RAND played a pivotal role in emerging technologies throughout the 20th century, from satellites and computers to information-sharing systems, packet switching, and artificial intelligence. RAND now explores the policy implications of emerging technologies across a broad scope of areas such as patient outcomes and health care quality; energy and environmental standards; privacy; military weapon systems; and training teachers and students in the 21st century.
Research conducted by:
RAND Justice, Infrastructure, and Environment;
Improving Decisions in a Complex and Changing World;
RAND National Security Research Division;
RAND Project AIR FORCE;
Featured at RAND
Science, technology and innovation can drive economic growth and lie at the heart of efforts to create better societies. RAND Europe's Innovation and Technology team works with public and private sector decisionmakers to help inform key decisions on science, technology and innovation policy in Europe and globally.
Research Briefs (9)
This research brief summarises the key findings from a report on the theory and practice of bibliometrics in health research.
Describes a methodology for analyzing public opinion and mood in closed societies, focusing on a case study that analyzed Iranian public opinion and mood as expressed over Twitter in the nine months following Iran's 2009 presidential election.
According to a RAND study, document review makes up 73 percent of discovery costs. Predictive coding is the most promising option for cutting costs without compromising the quality of the process.
Aims to clarify the different motivations to use and invest in digital repositories for higher education institutions, examining ways to address challenges in embedding digital repositories in institutional strategies and daily operations.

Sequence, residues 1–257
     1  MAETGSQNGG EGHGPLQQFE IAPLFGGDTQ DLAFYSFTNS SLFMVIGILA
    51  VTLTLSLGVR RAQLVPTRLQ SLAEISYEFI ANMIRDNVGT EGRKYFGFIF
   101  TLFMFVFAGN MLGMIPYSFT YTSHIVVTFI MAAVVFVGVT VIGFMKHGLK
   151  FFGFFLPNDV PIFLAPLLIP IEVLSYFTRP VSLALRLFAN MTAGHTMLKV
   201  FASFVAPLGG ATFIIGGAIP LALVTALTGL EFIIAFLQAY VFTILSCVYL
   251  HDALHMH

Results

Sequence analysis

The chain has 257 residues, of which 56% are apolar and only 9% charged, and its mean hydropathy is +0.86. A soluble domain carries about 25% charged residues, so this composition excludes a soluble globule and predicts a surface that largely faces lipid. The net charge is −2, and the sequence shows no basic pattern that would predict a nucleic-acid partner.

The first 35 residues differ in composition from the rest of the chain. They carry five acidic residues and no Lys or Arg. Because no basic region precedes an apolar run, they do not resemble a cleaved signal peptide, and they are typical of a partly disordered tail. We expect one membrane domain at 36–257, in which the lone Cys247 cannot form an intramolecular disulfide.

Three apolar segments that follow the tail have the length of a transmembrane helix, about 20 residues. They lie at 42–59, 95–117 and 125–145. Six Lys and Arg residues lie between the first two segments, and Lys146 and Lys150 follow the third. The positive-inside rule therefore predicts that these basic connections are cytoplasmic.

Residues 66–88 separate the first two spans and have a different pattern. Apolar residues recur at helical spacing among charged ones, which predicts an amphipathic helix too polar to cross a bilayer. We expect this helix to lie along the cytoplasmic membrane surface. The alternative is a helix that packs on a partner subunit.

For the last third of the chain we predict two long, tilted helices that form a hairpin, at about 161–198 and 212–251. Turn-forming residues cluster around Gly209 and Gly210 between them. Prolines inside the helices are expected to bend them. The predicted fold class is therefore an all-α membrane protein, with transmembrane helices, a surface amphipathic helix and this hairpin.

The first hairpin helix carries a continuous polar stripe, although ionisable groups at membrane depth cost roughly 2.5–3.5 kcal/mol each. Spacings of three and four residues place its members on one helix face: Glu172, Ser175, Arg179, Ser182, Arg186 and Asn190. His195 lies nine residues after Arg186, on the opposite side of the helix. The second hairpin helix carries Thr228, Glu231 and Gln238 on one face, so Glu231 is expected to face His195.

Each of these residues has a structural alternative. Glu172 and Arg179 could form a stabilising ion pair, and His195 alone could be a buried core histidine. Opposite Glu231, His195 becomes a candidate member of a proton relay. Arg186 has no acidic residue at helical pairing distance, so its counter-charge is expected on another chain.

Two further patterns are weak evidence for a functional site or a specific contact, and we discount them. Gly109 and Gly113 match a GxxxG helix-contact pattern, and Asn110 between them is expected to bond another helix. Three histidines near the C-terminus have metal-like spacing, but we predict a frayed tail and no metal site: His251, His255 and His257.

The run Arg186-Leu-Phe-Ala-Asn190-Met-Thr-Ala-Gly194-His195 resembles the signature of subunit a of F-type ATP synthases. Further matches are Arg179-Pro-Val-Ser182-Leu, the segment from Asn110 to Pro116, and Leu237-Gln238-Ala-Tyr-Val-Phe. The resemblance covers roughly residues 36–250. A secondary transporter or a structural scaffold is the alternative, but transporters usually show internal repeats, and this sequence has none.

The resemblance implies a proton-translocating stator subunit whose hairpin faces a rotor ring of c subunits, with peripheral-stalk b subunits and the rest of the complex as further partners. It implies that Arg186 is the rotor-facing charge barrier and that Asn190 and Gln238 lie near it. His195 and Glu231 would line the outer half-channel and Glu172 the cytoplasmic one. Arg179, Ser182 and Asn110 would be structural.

How will research findings be communicated in the future, and how true to the original look, feel and behaviour of these publications will digital archives need to be?
This brief summarizes the results of RAND Europe research, requested by the European Commission (EC) to inform the EC's assessment of options for revising and extending the existing 'TV Without Frontiers' (TVWF) Directive.
This research brief examines how technology changes -- in economic development, health, environmental quality, and military power -- will play out differently across the globe.
Companies use RFID workplace access cards to do more than just open doors (e.g., for enforcing rules governing workplace conduct). Explicit, written policies about how such cards are used generally do not exist, and employees are not told about whatever policies are being followed.
Suggests that emerging technologies will eliminate or substantially reduce a major drawback of this developing role for light forces: their vulnerability to attacks from heavily armored enemies.